Garbage cans – an essential facility?
The Commission’s main arguments were that (i) ARA would abuse a dominant position on the market for a specific type of household waste by way of its refusal to grant competitors access to its collection infrastructure. Under the Bronner-test, the Commission held that ARA’s collection system was not duplicable for technical, legal and economic reasons and thus, as an essential facility, had to be opened to competition by the incumbent.
A second argument seems to have (ii) concerned the (already openly accessible) market for the collection of commercial waste, stating that ARA had foreclosed competitors there by way of including certain (allegedly commercial) categories of waste in its monopolized collection system for household waste.
At the time of the Commission decision, both issues seem to be only of historic interest, so that the fine was calculated for an infringement dating only from 2008 to 2012 (the date from which on the household waste market had been legally opened).
Procedure – a commitment decision in disguise?
In its decision of September 20, the Commission, according to its press release, finds an infringement and imposes a fine, thus applying Articles 7 and 23 of Regulation 1/2003. Also, applying its 2006 Guidelines on fines, it reduces the fine substantially in return for ARA’s cooperation consisting essentially in offering a structural remedy, i.e. divestiture of “part of the household collection infrastructure” owned by ARA.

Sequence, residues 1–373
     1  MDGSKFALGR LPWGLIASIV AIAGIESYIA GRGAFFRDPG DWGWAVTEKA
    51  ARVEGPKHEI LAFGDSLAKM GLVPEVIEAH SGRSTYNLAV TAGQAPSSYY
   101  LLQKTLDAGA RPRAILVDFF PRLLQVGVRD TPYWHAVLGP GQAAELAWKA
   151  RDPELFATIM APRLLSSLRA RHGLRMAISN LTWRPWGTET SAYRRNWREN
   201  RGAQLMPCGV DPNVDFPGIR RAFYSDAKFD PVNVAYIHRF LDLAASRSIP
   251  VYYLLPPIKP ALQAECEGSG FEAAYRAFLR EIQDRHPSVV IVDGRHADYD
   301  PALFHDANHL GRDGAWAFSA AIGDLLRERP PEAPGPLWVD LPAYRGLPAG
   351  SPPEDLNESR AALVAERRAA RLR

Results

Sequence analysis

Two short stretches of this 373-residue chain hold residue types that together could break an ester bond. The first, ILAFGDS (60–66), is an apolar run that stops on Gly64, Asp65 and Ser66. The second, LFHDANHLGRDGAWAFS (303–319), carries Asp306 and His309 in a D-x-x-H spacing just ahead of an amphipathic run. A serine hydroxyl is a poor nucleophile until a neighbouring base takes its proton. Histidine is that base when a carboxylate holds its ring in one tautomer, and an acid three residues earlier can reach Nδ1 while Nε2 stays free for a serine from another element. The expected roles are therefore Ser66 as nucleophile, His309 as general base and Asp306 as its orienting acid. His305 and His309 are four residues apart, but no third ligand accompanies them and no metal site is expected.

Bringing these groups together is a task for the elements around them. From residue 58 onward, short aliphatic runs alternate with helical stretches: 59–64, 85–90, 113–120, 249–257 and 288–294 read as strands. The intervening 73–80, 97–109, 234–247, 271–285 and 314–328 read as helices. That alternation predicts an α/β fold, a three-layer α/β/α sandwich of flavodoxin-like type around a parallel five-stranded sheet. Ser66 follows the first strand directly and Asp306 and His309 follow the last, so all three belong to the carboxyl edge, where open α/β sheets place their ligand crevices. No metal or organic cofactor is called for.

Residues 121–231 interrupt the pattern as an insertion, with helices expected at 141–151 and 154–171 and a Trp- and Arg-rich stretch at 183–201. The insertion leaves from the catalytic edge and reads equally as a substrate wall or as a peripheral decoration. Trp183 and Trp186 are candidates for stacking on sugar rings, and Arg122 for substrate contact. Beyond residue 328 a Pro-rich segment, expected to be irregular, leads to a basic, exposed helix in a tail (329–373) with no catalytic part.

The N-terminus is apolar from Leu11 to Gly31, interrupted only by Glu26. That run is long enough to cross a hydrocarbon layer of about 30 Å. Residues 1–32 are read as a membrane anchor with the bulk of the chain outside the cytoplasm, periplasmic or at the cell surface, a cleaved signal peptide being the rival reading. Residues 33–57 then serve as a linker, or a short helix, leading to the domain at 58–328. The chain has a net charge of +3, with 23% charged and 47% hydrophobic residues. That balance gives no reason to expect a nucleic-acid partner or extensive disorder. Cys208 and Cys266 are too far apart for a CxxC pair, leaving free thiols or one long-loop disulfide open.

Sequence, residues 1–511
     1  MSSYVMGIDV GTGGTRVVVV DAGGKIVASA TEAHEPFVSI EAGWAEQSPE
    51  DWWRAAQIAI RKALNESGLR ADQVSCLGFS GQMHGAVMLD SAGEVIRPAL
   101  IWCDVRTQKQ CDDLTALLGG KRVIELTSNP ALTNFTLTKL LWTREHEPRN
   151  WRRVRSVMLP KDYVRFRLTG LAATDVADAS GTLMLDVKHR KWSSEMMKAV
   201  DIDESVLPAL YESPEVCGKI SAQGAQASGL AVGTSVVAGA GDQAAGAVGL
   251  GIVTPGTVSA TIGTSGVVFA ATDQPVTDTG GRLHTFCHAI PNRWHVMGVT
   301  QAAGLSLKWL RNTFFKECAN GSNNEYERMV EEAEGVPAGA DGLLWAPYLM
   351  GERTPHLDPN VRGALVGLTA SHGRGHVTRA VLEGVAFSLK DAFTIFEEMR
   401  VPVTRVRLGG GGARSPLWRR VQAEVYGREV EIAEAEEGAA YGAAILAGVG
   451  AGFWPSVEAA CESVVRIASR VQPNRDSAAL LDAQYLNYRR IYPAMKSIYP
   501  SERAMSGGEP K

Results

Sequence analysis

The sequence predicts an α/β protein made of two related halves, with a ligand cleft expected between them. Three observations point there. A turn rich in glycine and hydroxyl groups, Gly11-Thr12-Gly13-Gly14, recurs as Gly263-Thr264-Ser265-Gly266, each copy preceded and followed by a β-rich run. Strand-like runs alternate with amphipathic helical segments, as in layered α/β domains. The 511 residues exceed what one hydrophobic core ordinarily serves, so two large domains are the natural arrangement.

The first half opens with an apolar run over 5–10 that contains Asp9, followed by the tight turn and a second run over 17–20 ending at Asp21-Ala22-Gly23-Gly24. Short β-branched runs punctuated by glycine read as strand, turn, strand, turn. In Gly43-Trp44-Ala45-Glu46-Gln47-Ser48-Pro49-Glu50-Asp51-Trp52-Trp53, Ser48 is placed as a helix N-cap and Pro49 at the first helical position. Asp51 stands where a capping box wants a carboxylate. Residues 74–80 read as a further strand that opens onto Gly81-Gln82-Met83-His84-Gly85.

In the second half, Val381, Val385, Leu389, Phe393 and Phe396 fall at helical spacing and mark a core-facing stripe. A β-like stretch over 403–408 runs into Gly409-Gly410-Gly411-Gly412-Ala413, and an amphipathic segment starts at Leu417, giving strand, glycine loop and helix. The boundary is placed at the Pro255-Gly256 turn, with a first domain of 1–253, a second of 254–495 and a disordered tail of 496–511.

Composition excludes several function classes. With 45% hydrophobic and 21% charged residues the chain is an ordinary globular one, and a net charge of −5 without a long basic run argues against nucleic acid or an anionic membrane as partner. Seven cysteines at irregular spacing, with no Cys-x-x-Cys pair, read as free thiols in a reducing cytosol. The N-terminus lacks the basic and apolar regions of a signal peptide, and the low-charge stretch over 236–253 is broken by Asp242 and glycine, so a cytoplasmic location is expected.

Finding an infringement AND “settling” the case with a structural commitment appears to be the major novelty in this case. Other than allowing for imposition of a fine, finding an infringement of course exposes the undertaking to potential follow-on litigation for compensation. This risk seems to have been part of the discussions between the undertaking and the Commission. As ARA explicitly states in a company press release, “it upholds its legal opinion concerning the question that there was no causal link between ARGEV’s (the subsidiary in question) behaviour and the fact that competitors could only enter the market after legislative changes”. ARA also expressly states that even the Commission leaves that question open in its decision.
It appears we are standing at the cradle of a new, quite flexible enforcement tool here. If we (a) need (i.a.) an express recognition of the infringement in a regular settlement case under the 2008 settlement notice and (b) a commitment offer under Article 9, Reg 1/2003 (but not express recognition let alone finding of an infringement), what we have here is (c) apparently somewhere in between. If we think about the essence of the ARA-decision on a sliding scale of procedural options, the ARA decision seems however to be much closer to an Article 9 commitment decision than to an Article 7 decision (as a precondition of Article 23 fine decision), the provision it is actually based upon. The big question is, does Reg 1/2003 allow for such flexibility?
Before the 2008 settlement notice, these issues have been discussed intensely (see e.g. Wils, Efficiency and Justice in European Antitrust Enforcement, Hart 2008, para 159 et. seq.) but ultimately the settlement notice stopped short of including abuse cases which have since then been increasingly often concluded with formal commitment decision under Article 9 (see e.g. COMP/39402 of 18.3.2008 – RWE Gas Foreclosure, COMP/39317 of 4.5.2010 – E.ON Gas, COMP/39316 of 3.12.2009 – Gaz de France, COMP/AT/39727 of 10.4.2013 – CEZ).